Two days after the last hospital incident, on February 16, 2007, DYFS filed a verified complaint for custody, care, and supervision of A.R. That same day, DYFS was awarded custody of A.R. and S.R. was ordered to undergo a psychological examination and to follow DYFS recommendations. In her March 30, 2007 evaluation report, Dr. Margaret Doherty Delong concluded that:

[S.R.] demonstrated significant problems in cognitive functioning and self-sufficiency that would interfere with her ability to parent. . . .

Regarding parenting, [S.R.] appears to be lacking in skills. However, this was difficulty [sic] to assess due to her cognitive problems. She did not appear to have a clear idea about discipline practices or what her child needs from her.

[S.R.] does not appear capable of meeting her daughter's complex medical needs. . . .

. . . Despite her acknowledgment of her limitations, [S.R.] also has narcissistic personality traits that interfere with her ability to acknowledge the negative impact of her limitations on her daughter.

[S.R.] demonstrated a disturbance in thinking. This is likely related to her low cognitive functioning. She does not appear to fully understand what is happening in her current situation. . . . She also has demonstrated paranoid and delusional thinking on the MCMI-III. . . . Regarding delusional thinking, she indicated that for years, many people have been spying into her private life, and that people are trying to make her think that she is crazy.

[S.R.] lacks social support. . . . She does not have the support of family, and her relationship with her mother is troublesome. . . .

[S.R.] does not appear to be an appropriate caregiver for her daughter, despite her desire to do so. . . . Her prognosis for improving sufficiently within the foreseeable future to be able to provide minimally adequate parenting is guarded at best. . . .

Pursuant to an April 16, 2007 court order, S.R. was also evaluated twice by Dr. James F. Battaglia. From the neuro-developmental examination administered on June 5, 2007, Dr. Battaglia concluded:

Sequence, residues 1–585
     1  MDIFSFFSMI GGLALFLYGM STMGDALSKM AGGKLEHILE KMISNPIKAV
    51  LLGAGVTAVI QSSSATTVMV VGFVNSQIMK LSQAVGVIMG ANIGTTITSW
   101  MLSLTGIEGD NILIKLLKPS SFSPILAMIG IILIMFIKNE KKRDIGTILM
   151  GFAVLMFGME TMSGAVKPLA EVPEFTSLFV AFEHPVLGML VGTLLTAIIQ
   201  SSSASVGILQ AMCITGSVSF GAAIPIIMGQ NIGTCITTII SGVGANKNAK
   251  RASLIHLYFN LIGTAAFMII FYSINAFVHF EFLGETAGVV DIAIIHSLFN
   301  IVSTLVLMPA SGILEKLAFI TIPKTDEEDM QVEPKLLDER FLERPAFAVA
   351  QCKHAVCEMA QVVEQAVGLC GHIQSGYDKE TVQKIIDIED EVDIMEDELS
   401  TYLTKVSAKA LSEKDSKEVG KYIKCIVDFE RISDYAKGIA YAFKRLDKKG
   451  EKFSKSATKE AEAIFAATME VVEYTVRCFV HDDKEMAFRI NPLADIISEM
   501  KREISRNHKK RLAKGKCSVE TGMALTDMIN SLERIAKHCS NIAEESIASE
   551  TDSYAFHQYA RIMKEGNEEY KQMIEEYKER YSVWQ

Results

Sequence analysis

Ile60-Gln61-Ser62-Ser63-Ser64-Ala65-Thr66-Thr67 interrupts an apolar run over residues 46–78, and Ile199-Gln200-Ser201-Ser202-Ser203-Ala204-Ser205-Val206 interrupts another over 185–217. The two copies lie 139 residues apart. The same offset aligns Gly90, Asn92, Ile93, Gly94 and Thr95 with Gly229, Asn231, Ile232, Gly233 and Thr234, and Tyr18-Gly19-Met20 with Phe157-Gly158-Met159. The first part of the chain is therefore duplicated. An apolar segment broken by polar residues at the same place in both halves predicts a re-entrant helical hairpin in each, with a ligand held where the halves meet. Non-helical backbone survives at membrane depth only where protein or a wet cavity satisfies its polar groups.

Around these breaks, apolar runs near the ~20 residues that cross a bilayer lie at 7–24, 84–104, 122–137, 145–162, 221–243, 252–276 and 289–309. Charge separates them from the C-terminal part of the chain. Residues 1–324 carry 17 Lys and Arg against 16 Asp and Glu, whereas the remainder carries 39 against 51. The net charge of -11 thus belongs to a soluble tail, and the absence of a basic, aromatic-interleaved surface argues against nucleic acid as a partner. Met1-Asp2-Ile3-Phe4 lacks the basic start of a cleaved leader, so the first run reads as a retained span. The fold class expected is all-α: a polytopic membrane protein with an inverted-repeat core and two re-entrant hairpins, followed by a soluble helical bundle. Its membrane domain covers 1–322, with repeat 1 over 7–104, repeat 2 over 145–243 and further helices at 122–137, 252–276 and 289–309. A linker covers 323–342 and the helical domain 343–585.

Although there was some variability, most of [S.R.'s] intellectual skills are far below expectations and within the Mentally Deficient range. . . .

. . . For example, she cannot be expected to retain information she has learned and her reasoning skills are like that of a young child. She is easily confused and cannot anticipate the consequences of her actions. She is best when she is involved in rote tasks or tasks that have been over learned. . . . It is within reasonable psychological certainty that I conclude [S.R] is a young woman with significantly compromised intellectual functioning who cannot meet the demands of caring for her daughter alone. She needs significant assistance.

As a result of this initial evaluation, Dr. Battaglia opined that S.R. "wasn't able to care for her child in the way that would keep the child safe because of her intellectual limitations." He further explained that there likely were no services that the State could provide to help S.R. overcome her intellectual limitations to the degree needed to raise a medically fragile child.

Following his October 21, 2008 psychological examination of S.R., Dr. Battaglia once again concluded that S.R. "would not be able to safely parent [A.R.]" and live independently:

[S.R.] is incapable of caring for her daughter. (She may even be incapable of taking care of herself.) Further, she does not have a healthy support system in her family to help guide her or co-parent with her. The domestic violence with her most recent paramour suggests she is unable to keep herself out of harm's way. It is not likely she will be any better at protecting her developmentally compromised daughter. Therefore, sadly, it is with reasonable psychological certainty that I conclude that [S.R.] is unable to provide [A.R.] with a minimal level of care to protect her from harm.

Thereafter, Dr. Battaglia also performed a bonding evaluation, wherein he found, to a reasonable psychological certainty, that "little bonding has developed between" S.R. and A.R. In contrast, as between A.R. and her foster mother, Dr. Battaglia found a "solid" and "healthy" bond, and that ...